When it comes to relationships, the realities and rules of abstinence after addiction become all the starker.Whether as a client or a companion, a guide to sober dating is very important in understanding how matters of the heart change.The person in recovery can vicariously enjoy all the good and bad that comes with that territory, without a single drink having to be consumed.
It is not an easy lesson for anyone to learn, let alone someone in recovery, but the way to a healthy relationship is to take it “very, very slow,” in the words of a sexoligist and licensed addiction counselor.
Whether repairing the bridge to a spouse or romantic partner, or forging ahead with a new person, a sober person has to give the relationship a chance to develop.
This may mean putting off intimacy for a (long) period of time until the partner has made a clear commitment to the relationship, and both parties are on the same wavelength; this may mean a lot of dates and meetings where there is minimal physical contact.
It could mean that the dates aren’t very “romantic” to begin with.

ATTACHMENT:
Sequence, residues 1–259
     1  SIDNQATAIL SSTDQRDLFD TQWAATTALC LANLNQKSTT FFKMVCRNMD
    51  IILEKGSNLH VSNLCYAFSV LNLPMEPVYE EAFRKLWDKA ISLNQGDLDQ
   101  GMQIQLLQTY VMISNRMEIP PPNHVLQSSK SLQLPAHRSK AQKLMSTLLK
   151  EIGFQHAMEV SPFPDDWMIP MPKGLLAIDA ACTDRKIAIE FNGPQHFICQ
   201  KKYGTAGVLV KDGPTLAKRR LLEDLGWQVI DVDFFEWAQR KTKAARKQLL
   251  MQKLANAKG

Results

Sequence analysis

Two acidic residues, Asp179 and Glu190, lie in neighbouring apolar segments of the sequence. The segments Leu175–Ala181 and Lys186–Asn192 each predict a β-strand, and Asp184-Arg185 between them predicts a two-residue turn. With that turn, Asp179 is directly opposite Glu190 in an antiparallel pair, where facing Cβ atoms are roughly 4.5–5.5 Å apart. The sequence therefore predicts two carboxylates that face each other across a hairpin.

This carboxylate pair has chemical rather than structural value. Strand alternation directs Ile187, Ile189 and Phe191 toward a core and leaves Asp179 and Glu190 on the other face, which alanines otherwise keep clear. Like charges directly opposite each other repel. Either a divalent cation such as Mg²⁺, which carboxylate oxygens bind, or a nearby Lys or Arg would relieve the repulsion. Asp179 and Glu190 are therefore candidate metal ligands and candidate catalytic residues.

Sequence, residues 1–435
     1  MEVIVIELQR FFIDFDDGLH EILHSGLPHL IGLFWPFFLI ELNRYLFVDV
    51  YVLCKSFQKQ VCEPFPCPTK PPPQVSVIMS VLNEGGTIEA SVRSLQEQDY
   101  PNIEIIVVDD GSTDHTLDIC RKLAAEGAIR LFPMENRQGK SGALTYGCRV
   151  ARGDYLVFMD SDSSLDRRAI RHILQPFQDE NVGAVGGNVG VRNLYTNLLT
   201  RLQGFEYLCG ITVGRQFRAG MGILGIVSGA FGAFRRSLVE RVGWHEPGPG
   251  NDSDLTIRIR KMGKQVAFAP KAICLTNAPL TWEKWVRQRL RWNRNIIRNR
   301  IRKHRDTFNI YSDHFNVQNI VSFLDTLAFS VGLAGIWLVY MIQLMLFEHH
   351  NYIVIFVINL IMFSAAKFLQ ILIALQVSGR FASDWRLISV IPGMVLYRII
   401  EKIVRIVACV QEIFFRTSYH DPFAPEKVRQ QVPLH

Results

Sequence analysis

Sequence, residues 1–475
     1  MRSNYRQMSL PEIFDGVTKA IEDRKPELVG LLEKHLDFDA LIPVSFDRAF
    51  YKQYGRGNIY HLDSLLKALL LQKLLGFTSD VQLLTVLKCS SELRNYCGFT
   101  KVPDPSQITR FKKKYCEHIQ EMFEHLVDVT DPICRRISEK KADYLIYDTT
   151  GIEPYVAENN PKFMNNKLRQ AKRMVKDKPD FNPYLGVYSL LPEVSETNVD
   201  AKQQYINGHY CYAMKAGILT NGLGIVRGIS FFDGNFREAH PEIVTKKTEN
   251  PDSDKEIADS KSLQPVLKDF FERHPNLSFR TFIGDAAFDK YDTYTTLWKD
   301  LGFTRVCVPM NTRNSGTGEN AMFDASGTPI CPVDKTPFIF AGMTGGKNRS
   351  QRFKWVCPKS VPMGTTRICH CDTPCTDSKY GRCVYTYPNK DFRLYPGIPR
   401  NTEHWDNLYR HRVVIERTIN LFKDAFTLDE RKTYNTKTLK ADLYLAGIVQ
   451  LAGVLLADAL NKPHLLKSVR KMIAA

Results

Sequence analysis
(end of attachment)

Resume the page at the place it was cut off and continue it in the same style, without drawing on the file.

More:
It can mean missing out on parties, it can mean being forced to cope with life’s struggles and challenges stone cold sober, and it can also mean being alone.
quotes a 26-year old former heroin addict as saying that “getting sober is pretty lonely.”The apparent cure for the loneliness is often sought in likeminded people.
One person confessed to that even after four years of Narcotics Anonymous, she couldn’t help but go back to the same strain of “train wreck relationships” that characterized her years as an addict.
After the inevitable relapses, she recommitted herself to her treatment program.
The idea of fellow program members combining their sensitivities andweaknesses is fraught with danger. For anyone going through treatment, relapse is always a possibility.